Then he got hurt and even though she spent many, many hours caring for him, she eventually knew she had to get away from this house. She wasn’t a nurse or a babysitter. She wasn’t going to be stranded with him. She started going out to the bar just for a drink or two before coming back home and getting a decent night’s sleep before work in the morning.
But one night a guy at the bar, a good-looking, well-dressed man in a suit and tie bought her two or three drinks in a row. She knew it wasn’t a good idea, but the guy was just so charming. He told her he was from out of town and staying at a local hotel. He asked her if she’d like to come back to his room with him? Just like that. And just like that she said yes. They had great sex and it reminded her of just how dull and predictable Danny had become.
That was a bit of a surprise, but not as big as surprise as when she got home and found three hundred bucks he’d stuffed in her purse. At first she was offended, but then she realized that Danny would never have to know about it and, besides, she was worth it. After that, she went to the bar practically every night and came home with a handsomely decorated purse practically every night.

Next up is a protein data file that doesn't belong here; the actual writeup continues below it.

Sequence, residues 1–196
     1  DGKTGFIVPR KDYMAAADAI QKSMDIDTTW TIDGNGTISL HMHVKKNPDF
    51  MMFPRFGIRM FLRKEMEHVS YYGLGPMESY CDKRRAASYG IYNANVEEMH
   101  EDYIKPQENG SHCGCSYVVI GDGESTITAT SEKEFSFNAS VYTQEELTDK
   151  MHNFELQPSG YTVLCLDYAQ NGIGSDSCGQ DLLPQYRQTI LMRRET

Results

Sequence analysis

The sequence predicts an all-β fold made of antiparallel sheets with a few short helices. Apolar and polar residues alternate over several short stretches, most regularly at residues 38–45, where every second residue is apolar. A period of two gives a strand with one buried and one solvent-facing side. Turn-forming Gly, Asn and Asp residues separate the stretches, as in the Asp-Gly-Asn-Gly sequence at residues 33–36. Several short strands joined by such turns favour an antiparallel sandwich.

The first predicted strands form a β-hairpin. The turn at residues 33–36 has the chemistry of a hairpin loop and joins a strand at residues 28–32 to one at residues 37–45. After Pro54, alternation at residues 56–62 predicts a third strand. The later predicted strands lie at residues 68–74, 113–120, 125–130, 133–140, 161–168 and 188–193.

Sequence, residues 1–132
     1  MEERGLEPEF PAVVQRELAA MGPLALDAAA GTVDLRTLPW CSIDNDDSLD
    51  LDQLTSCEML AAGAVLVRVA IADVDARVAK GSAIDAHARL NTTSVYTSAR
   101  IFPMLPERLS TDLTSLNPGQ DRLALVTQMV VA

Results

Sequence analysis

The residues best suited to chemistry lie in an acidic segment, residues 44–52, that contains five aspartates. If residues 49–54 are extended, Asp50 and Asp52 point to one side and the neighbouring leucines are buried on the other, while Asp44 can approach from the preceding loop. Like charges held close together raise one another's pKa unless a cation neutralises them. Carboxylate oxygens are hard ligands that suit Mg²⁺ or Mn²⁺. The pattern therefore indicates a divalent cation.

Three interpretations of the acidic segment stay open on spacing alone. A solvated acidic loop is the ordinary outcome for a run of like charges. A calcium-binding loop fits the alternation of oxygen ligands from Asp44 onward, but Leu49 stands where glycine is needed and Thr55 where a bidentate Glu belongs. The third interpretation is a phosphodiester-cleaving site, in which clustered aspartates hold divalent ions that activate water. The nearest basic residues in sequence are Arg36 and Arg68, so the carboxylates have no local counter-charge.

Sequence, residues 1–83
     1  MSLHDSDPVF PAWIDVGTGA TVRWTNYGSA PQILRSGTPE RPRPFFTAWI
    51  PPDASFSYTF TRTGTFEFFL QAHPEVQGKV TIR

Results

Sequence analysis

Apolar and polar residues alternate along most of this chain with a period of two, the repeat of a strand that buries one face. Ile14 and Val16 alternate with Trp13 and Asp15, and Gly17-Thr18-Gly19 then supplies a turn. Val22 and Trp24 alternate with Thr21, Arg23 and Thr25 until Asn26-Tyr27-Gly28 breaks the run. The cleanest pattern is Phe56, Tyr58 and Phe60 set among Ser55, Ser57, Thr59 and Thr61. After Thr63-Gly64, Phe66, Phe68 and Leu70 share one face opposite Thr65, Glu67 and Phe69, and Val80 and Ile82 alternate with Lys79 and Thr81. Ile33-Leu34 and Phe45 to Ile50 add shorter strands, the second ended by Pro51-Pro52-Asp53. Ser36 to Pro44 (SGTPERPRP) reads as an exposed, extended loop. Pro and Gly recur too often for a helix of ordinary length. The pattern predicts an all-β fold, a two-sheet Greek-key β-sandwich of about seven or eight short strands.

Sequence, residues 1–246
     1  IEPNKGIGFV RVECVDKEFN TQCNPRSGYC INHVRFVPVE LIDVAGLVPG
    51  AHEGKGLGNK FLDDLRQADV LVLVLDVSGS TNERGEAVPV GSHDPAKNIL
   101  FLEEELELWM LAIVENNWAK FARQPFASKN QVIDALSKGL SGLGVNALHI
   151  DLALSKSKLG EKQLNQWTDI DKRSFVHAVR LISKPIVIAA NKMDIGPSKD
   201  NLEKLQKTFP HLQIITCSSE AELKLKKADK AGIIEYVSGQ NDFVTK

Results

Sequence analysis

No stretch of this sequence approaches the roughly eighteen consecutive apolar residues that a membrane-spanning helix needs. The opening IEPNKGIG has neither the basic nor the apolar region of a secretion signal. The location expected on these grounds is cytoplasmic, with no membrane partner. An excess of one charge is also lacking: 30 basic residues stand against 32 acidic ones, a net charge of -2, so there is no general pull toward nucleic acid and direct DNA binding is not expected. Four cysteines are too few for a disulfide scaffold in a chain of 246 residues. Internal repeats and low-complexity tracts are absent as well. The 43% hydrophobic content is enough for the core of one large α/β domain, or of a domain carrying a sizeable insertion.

Danny had no idea. How could he? And more and more Linda began forming a new roadmap for her life. She wasn’t going to stay around here in this dead-end marriage. Danny needed her, but she didn’t need him. He could hire an in-home nurse or something.
Danny called to her again from the other room. “Linda, I mean it. We have to talk. Now.”